Celebrating the holidays on the other side of the world
By Cassandra Cotton
Christmas in South Korea
Love it or hate it, Christmas is coming. In fact, it seems as soon as Halloween displays are dismantled, they’re being replaced with snow men and Christmas tree ornaments. Before we know it, “Silent Night” will be blasting through every loud speaker around and all the pressures of the holiday season will be on our shoulders once again. Inevitably, we will begin asking ourselves such questions as, will we find that perfect gift? Will we have time to finish the baking? How will we deal with having to be in three places at once on Christmas Day? There’s really no escaping it – Christmas is coming.
But don’t be too quick to cast aside jolly ole’ Saint Nick in order to jump into Ebenezer Scrooge’s shoes just yet. There’s something incredibly comforting about tradition. There’s no place like home for the holidays… especially when you’ve spent it on the other side of the world.
I lived in South Korea for two years and I can honestly say I only felt homesick once, and that was for Christmas. Christmas 2006 was my 23rd time celebrating the holiday, and the first time I had to spend it without my family. Since I was working abroad and couldn’t afford to come home, my Christmas was spent with new friends and new customs thousands of miles away.
Under usual circumstances, my Christmas routine typically goes something like this: pick out and decorate the tree (which MUST be real); huddle around the TV to watch the Christmas specials; participate in a last minute gift buying spree; read ‘Twas the Night before Christmas’; hang up the stockings; open just one gift; go to sleep with sugar plums dancing in my head; wake up Christmas morning to some quality family time; and enjoy a day of relaxing while eating myself into a turkey coma.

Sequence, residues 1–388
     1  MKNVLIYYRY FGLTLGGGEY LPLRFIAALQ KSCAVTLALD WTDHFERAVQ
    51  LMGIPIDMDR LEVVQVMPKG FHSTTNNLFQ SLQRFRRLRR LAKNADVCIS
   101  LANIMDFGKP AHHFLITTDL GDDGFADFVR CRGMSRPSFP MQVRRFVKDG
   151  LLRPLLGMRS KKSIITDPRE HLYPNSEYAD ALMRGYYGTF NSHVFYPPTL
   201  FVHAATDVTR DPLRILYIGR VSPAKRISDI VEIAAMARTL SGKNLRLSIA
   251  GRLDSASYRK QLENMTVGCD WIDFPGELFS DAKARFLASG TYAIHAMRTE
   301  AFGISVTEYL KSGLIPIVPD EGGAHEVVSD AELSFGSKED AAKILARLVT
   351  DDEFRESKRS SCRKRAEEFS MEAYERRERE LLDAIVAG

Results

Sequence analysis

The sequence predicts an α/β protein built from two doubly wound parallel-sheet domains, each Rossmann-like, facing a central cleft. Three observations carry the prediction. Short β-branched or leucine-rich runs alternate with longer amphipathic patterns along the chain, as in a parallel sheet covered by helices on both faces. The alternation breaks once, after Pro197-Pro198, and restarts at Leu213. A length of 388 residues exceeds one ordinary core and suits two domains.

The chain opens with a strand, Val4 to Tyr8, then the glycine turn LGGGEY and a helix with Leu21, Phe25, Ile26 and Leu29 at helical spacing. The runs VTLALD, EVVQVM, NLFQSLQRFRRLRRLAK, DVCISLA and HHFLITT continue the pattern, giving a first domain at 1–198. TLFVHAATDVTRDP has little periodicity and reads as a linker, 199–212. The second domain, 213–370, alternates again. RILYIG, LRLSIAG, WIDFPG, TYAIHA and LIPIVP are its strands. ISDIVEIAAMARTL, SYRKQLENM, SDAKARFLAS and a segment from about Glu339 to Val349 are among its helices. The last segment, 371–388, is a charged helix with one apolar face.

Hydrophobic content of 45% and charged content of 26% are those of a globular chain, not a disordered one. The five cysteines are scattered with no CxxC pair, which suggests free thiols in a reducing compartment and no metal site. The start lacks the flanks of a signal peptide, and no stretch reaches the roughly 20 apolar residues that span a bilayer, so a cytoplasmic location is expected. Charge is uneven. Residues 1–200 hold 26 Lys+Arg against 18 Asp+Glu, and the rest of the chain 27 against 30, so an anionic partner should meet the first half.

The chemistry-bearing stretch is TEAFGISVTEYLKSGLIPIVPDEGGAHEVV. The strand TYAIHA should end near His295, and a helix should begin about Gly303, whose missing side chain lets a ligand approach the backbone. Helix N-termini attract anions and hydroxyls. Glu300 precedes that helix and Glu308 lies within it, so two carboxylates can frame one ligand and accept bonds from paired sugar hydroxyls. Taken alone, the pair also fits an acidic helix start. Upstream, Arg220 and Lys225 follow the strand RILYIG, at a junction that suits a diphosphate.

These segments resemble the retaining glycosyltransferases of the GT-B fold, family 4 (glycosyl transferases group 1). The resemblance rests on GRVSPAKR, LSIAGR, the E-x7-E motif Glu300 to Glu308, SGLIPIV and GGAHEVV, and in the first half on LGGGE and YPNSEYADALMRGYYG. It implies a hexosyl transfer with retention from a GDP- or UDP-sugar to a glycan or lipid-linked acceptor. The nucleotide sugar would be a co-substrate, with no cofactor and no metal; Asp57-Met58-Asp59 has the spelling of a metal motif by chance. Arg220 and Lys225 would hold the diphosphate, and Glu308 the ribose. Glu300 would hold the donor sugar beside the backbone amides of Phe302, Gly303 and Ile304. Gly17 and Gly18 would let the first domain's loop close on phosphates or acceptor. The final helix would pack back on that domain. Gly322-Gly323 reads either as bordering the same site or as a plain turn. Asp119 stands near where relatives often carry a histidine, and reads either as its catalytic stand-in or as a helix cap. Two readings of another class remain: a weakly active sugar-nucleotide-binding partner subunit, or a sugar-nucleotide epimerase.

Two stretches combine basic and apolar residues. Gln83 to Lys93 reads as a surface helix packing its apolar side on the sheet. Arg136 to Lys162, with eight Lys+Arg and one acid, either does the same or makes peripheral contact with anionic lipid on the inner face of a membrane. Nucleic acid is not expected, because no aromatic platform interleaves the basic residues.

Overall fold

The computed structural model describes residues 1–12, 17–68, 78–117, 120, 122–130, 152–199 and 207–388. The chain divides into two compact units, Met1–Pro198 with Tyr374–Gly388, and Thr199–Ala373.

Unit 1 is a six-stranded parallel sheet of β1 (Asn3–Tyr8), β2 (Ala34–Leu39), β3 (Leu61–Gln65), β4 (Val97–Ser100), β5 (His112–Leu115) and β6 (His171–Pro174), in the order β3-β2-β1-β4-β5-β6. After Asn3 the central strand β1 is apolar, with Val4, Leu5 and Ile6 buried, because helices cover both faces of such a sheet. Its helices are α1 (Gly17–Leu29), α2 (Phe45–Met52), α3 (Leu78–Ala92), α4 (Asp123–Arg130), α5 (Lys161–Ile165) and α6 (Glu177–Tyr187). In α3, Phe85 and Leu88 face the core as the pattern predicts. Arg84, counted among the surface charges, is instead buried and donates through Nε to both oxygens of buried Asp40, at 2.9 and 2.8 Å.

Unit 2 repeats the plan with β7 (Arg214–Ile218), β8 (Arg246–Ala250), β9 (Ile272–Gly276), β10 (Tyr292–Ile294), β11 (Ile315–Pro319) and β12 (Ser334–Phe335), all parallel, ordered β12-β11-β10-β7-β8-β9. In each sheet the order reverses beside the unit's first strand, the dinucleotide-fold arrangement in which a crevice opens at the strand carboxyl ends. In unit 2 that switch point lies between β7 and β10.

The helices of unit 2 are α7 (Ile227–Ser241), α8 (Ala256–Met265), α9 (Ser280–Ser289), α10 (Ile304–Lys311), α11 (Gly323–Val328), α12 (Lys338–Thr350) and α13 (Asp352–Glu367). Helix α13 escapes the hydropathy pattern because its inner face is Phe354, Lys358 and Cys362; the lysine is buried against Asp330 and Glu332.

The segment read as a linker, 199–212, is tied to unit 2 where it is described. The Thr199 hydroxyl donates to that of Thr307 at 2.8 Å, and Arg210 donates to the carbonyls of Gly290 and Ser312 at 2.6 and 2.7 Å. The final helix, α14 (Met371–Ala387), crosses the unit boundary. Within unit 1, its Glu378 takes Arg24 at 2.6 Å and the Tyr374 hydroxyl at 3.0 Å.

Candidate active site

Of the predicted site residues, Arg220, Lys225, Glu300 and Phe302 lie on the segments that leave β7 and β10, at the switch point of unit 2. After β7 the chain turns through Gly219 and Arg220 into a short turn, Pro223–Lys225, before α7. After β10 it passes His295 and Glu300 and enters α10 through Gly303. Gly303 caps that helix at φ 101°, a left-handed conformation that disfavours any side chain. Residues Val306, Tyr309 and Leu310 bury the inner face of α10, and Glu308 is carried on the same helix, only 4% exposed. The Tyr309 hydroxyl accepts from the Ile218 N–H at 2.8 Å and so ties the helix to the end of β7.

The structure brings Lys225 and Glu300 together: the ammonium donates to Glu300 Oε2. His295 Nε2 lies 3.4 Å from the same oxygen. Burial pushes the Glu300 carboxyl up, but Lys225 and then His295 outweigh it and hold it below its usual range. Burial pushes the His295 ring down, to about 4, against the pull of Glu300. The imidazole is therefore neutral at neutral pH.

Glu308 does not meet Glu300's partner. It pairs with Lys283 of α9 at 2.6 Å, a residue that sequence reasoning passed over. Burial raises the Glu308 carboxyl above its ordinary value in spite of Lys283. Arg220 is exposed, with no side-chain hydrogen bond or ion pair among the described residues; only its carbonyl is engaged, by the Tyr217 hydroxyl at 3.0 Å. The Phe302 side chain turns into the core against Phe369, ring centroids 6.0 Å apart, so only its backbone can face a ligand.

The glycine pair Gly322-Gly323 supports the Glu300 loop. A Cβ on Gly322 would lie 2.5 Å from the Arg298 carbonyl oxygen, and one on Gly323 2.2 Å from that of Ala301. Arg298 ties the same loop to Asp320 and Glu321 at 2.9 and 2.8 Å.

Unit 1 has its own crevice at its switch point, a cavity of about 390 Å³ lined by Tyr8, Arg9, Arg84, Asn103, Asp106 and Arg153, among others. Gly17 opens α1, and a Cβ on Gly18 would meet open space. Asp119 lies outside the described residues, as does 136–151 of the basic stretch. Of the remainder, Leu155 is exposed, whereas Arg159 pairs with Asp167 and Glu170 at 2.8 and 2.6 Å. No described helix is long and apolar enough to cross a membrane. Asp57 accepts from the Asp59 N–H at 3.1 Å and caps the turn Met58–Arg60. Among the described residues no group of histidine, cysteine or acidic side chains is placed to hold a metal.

Cassandra shows her students a little Christmas spirit
My Christmas in South Korea went something like this: put up the mini, plastic Christmas tree; stress about getting last minute gifts mailed out to loved ones; huddle around the computer to Skype with family at home; wake up Christmas morning to see what gifts were received in the mail; meet up with other foreigners in a familiar part of Seoul and hope the sight of a Burger King might bring fond memories of home; eat turkey dinner with a side of kimchi.
South Korea is actually the only East Asian country to recognize Christmas as a national holiday. However, Korean Christmas’ are less elaborate and more subdued than most holiday celebrations in Canada. Usually, the holiday is celebrated with a family dinner, and the menu almost always includes popular Korean dishes such as sweet potato, rice cake soup, barbecued beef (bulgogi), and spicy pickled cabbage (kimchi).